Following curing and a period of storage at 10°C, potato (Solanum tuberosum L.) tubers were stored for 4 to 5 weeks at 1° or 10° in controlled atmospheres consisting of either air, 2.5% O2 (balance N2), or N2. CO2 production of tubers stored in air at 10° was relatively constant. When tubers were stored in air at 1°, CO2 production initially was lower than at 10° in air. It then increased to a maximum after about 15 days and eventually declined again. Storage in 2.5% O2 or N2 prevented the increase in CO2 production that occurred after several days of storage in air at 1°. Malate and citrate were the only organic acids detected in significant amounts in juice extracted from tubers when experiments were terminated. Changes in citrate showed no consistent trends. Tubers stored in air at 1° had higher sucrose, fructose, glucose, and malate levels than tubers stored at 10°. Storage in N2 at 1° prevented the malate, sucrose, and reducing sugar increases. Storage in 2.5% O2 inhibited the malate, fructose, and glucose increases at 1° and reduced the sucrose content of ‘Monona’ and ‘Norchip’ cultivars, which accumulated large amounts of sucrose during storage in air at 1°. Sucrose content of ‘Kennebec’ was not affected by 2.5% O2. Storage in 2.5% O2 slowed the accumulation of fructose and glucose, but only ‘Monona’ and ‘Norchip’ yielded acceptable chips after storage in 2.5% O2 at 1°. All 3 cultivars yielded acceptably colored chips after storage in N2 at 1°, but the development of blackheart when tubers were returned to air makes N2 an unacceptable storage atmosphere at this temperature. Storage in N2 resulted in soft rot at 10°.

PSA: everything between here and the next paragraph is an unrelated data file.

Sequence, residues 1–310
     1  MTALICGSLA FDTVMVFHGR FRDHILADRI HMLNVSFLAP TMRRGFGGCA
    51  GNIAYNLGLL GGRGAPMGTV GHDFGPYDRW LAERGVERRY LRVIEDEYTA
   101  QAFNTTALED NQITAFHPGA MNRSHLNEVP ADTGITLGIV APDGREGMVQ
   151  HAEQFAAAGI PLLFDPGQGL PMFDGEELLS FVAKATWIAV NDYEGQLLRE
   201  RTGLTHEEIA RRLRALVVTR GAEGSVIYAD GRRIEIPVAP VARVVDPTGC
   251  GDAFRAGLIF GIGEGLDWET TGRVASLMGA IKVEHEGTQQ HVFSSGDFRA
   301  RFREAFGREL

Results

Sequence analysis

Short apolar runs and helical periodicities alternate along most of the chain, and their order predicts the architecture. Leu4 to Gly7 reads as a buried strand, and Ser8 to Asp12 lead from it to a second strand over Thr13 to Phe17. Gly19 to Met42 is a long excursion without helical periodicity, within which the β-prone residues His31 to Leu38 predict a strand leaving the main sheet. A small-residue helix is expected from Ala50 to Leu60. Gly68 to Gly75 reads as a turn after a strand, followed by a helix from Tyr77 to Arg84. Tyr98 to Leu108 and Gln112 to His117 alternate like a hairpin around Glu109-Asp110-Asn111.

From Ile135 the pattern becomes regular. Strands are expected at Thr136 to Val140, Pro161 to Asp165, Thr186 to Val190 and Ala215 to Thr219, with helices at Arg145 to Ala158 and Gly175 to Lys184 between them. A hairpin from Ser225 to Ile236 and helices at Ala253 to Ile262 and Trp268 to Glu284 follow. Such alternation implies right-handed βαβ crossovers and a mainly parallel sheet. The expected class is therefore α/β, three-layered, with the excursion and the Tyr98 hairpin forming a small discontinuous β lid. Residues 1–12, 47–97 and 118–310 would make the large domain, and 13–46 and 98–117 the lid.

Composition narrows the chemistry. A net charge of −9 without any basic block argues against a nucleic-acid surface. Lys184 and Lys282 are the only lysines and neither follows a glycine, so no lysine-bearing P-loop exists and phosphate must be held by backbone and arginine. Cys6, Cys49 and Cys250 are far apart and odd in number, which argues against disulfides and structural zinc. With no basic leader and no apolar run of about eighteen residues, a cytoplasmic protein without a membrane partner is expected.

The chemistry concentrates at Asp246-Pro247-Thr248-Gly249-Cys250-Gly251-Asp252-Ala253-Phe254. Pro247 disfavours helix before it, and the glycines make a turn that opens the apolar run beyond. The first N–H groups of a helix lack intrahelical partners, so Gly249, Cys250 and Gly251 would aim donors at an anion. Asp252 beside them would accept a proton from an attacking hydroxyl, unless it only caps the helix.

Open Access

Abstract

Three pairs of near-isogenic lines of summer squash (Cucurbita pepo L.) with and without gene B were compared for storability. The test included ‘Bareqet’ (B+/B+) and ‘Goldy’ (B/B+) of the zucchini type, ‘Caserta’ (B +/B +) and ‘Precocious Caserta’ (B/B) of the vegetable marrow type, and ‘Benning’s Green Tint’ (B +/B +) and the ‘Benning’s Yellow Tint’ (B/B) of the scallop type. Fruit were hand-harvested between 3 and 5 days past anthesis and stored for up to 22 days at 5°C and 85% to 95% RH. Weight loss was higher in the cultivar with gene B for two of the three types (vegetable marrow and scallop). Shrivel, chilling injury, and overall appearance ratings were worse for the cultivar with gene B for all three types. Weight loss was highest in the vegetable marrow type, intermediate in the zucchini type, and lowest in the scallop type. Shrivel, chilling injury, and appearance, 7 days after harvest, were most severe in the vegetable marrow type.

Open Access

Abstract

Thorough precooling of bell peppers (Capsicum annuum L. cv. California Wonder) to 10°C (50°F) soon after harvest delayed, but did not prevent, soft rot decay caused by Erwinia carotovora (L. R. Jones) Holland. There was little weight loss and shrivel in any of the treatments. Inoculated peppers with intact or partial peduncles had better overall visual quality and were less decayed than peppers with no peduncles.

Open Access

Graduate students in horticulture at the Univ. of California, Davis, spent an academic quarter learning how to use the Internet and World-Wide Web (WWW) to access and collect information. The collected information was organized and placed on the WWW where it is available to anyone with access to the Internet.